These technologies are becoming readily available and cheap, but manufacturing plants aren’t geared up to take advantage of them. Most don’t have the know-how. This is where Indian companies could step in. They could master the new technologies and help foreign firms design new factory floors and program and install robots. They could provide management consulting on designing new value chains and inventory management. They could operate and monitor manufacturing plant operations remotely. This is a higher-margin business than the old IT services.
Another aspect worth noticing is that the 3D printing market size is growing. As per the Gartner report, Client and Enterprise 3D printer shipments are growing at an exponential rate and the 3D printer market valued at $ 3 billion can grow to over $ 5.7 billion by 2017.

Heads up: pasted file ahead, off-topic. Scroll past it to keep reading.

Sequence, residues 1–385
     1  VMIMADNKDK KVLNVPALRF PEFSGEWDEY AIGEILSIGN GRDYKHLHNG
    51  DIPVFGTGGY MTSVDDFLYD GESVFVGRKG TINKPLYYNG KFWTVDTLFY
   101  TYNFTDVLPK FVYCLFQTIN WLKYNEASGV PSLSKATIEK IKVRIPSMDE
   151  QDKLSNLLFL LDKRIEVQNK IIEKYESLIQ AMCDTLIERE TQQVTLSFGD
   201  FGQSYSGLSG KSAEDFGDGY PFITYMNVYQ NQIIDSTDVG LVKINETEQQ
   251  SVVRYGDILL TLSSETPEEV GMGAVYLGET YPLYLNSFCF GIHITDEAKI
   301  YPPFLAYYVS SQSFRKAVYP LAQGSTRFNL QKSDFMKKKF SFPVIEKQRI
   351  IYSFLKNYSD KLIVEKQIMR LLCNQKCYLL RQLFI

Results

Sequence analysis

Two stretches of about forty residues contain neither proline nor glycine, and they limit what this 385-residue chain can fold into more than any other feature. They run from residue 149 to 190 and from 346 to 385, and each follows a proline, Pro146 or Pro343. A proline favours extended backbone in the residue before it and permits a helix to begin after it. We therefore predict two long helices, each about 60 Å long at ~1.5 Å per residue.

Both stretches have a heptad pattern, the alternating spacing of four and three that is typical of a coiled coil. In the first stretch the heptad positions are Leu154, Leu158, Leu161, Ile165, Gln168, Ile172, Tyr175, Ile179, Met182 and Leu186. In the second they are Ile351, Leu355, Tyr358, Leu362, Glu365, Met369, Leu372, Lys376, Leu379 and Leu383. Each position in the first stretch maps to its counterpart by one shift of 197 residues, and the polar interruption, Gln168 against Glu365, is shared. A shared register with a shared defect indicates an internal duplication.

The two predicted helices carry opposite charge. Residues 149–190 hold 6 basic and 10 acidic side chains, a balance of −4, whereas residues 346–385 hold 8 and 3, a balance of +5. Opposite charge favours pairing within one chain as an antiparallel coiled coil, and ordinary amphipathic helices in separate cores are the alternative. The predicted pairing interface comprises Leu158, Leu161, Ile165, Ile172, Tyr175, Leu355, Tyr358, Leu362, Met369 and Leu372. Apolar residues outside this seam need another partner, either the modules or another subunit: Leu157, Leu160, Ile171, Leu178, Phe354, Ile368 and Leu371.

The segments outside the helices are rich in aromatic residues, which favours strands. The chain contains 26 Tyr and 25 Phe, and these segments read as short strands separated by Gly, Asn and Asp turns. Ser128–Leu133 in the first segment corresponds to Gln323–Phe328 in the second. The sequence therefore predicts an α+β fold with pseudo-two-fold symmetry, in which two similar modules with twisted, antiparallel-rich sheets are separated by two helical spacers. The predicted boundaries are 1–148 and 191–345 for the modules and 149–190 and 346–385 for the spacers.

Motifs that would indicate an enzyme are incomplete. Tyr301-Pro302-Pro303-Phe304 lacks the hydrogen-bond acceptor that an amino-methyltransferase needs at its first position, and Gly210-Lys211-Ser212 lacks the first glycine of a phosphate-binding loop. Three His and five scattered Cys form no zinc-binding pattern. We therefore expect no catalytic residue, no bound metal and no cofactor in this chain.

In India, it’s primarily getting used for prototyping and additive industries or for performing some experiments, however not for production or for day-after-day work.
Though the technology has entered the Indian market very recently there are many areas where the 3D printing technology can be used to save time as well as reduce the hazards of the existing sector.
India is keen to put itself at the forefront of technology, but the nation is yet to begin investing in 3D printing, like its developing rivals China and the Middle East Asia.
Entry level or barrier cost to 3D printing is still very high. India being a small market in comparison to other countries, opportunities that can be scaled faster is on the radar. We are yet to see the effectiveness and successful proposition of 3D printing. So while India is working hard to make itself a key global technology center, 3D printing uptake may be out reach for many businesses.
In 2005, the open source RepRap and Fab@Home projects began and 3D printing got cheaper consequently expanding individual